Short fiction in response to a writing prompt.
|The ship lurched, and I synchronized the movement with a projectile of half-digested food. My whitened knuckles gripped the handle of the wheel.
A darkened sky belied the late evening hour. All around, blackness. Death!
Creaks and groans of metal and wood fused with thunder, wind, and the rains' frenetic drumbeat.
Blood washed off the glistening wetness of the deck. In my bid to survive the storm, I got distracted from my deeds.
Bodies lay at grotesque angles inside the cabin. A strange euphoria ran through my body, and I felt detached from the events that had transpired. Memory began to fade. I was a spectator as the knife in my hand moved with considerable expertise, making short work of the five unsuspecting fellow passengers.
For an instant, I wondered at my actions. I did not even know these people before we all got onto this luxury yacht. It did not occur to me that not one of them put up a fight.
The howling and a sharp bolt of lightning pulled me out of my reverie.
In the brief pang of light, a glimpse of land. Life!
Again, without hesitation, I maneuvered the craft, fighting the heaving ocean and opaqueness. I marveled at my skills of a seasoned sailor. Another helpful collision of clouds guided me to the shallows.
Night began to gather, despite which I recognized the silhouette of giant trees close to the waters. With a stout rope, I jumped into the freezing waters. The thick coils were long enough, and I tied my transport to one of the trees.
On some unspoken command, the rains ceased. A stillness overtook the orchestra of sounds that had punctuated the weirdest of days. A lone bird announced the news in its shrill voice.
There was a sense of familiarity in the surroundings. Why did it feel like I had been here before? I couldn't be near any familiar place.
I shook my head as if that would make the feeling disappear—no such luck.
A sliver of light peeked out from separating clouds. Moon illuminated a path. Waves of nausea played havoc with my insides. There was nothing left in my body as I retched, clutching my stomach.
A sudden realization of what I had done jerked me. Whatever had possessed me to go after strangers and slice them open? I sat down, my back against a tree, the trunk only offering physical support.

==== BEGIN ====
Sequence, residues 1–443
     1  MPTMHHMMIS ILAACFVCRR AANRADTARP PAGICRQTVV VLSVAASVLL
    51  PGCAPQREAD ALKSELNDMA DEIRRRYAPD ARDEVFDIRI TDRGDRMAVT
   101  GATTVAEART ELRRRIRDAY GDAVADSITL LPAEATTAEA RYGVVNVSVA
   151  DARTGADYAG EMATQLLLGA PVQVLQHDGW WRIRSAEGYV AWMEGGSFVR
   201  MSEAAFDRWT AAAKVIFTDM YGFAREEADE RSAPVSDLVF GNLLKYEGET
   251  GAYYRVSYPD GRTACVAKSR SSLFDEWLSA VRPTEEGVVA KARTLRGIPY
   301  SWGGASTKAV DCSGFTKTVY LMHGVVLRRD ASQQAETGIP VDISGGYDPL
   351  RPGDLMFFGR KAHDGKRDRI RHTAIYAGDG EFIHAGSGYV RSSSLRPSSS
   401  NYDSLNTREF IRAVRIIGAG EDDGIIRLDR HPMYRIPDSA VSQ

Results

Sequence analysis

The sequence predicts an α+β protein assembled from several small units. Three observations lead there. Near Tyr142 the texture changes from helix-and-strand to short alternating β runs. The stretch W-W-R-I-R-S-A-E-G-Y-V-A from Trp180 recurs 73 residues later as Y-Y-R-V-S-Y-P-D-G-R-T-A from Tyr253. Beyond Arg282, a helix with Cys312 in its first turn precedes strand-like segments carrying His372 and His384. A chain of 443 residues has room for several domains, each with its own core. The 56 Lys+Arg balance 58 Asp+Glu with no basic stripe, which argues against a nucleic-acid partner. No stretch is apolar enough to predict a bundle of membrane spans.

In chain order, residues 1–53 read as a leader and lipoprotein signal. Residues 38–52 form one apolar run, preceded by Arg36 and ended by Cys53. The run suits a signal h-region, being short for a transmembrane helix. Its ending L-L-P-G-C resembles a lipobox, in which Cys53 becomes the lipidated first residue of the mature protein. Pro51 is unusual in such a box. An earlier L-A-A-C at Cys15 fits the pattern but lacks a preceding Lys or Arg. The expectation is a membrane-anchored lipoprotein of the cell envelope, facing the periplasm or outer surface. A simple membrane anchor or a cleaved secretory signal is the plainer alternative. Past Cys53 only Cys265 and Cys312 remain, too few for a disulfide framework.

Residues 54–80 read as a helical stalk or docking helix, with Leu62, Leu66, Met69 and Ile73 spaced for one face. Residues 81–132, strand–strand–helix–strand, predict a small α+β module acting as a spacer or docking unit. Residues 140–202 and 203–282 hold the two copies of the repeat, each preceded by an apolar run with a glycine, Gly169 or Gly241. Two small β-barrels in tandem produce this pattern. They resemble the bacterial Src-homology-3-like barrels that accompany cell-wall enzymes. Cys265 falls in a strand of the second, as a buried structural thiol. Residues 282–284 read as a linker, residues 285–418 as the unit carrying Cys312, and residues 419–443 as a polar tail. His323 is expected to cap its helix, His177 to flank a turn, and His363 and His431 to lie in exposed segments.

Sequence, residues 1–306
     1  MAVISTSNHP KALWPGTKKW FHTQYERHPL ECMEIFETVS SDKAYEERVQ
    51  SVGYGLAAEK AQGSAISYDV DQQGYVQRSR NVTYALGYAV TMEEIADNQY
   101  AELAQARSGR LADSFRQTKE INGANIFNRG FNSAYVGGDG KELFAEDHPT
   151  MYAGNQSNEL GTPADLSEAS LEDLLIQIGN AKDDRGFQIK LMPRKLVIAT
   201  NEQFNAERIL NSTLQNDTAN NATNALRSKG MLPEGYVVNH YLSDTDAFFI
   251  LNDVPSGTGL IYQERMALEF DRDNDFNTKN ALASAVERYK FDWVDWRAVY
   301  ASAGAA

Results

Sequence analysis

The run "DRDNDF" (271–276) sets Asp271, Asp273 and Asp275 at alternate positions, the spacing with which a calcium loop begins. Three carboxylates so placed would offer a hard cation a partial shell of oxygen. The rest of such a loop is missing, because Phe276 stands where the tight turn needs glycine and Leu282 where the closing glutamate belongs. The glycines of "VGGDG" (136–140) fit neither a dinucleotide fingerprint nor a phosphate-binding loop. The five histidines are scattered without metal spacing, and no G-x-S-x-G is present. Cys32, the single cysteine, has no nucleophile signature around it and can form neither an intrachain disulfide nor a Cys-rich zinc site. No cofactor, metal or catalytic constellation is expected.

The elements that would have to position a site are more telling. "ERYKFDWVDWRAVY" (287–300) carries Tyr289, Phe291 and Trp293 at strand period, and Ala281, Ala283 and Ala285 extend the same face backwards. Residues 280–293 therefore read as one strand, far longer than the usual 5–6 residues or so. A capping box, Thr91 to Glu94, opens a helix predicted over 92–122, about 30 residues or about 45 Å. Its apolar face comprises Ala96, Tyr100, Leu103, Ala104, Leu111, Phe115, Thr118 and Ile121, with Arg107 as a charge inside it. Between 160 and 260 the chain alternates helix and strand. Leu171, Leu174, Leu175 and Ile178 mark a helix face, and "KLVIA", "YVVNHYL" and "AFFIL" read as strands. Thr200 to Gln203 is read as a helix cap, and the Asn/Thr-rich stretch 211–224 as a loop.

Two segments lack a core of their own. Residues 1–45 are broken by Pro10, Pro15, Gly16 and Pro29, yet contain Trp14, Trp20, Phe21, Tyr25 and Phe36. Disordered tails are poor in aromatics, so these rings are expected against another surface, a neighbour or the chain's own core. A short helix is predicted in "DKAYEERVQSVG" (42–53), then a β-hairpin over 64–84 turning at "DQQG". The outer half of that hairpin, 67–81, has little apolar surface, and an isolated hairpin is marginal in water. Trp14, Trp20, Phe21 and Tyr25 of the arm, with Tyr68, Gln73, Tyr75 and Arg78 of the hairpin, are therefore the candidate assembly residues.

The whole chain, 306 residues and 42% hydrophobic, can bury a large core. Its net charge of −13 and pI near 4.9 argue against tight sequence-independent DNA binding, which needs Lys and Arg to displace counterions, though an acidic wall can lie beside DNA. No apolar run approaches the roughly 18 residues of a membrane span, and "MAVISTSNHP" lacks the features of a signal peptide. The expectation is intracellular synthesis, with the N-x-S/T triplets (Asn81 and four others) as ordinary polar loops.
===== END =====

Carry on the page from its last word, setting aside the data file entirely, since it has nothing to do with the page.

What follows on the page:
Recollection of how long I sat there fails me. Eventually, unsteady of feet, I got up. The moon was fully out, and sparse clouds populated the hitherto overburdened heavens. Stars winked in merry conspiracy contrasting the turmoil within.
In a daze, I took to the path. I was a remote, controlled toy with no will of my own. I needed to talk to someone, and soon before I went completely crazy.
And then it hit me. I was back home. It made no sense as I was thousands of miles away.
My fears crystallized as I came upon a clearing—a building.
I shivered as I noticed a lighted candle in the old, abandoned house in the woods.
That was my house. Wet attire clinging to my body, and the light breeze served to make the night colder than it was.
As much as I attempted to fight it, my childhood home drew me in.
The wooden front door rested precariously on a single hinge offering no protection to the interiors.
In I went, barely pausing at the errant entryway.
All doubts laid to rest.
The candle flickered in response to my entry. It stood on my father’s study table, next to the large window, besides the plush office chair still intact—my father’s favorite place in the house.
It remained so, decades after his passing. There he sat, his long, grey, night coat enveloping the thin, tall frame. The same sea-worn man of legends and tales. A captain’s hat perched atop his bald skull.
“Papa…” I mumbled in disbelief.
He glared at me, the candlelight supplying added eeriness to his form and his eyes.
“Finally!”. My dead father spat out the word.
“What is this?” was all I could muster.
“Five people. Five people who wronged me and played a part in my death. I have been waiting for many years to get them together to avenge my death.”
Curiosity, for the first time, overcame abject fear.
He smiled, and I wished he hadn’t. There were no teeth, only a cavernous opening. In his hands, the same knife I had used to execute five strangers.
His voice receded to a bare whisper.
“Yes, and it is so apt that I did it through my son.”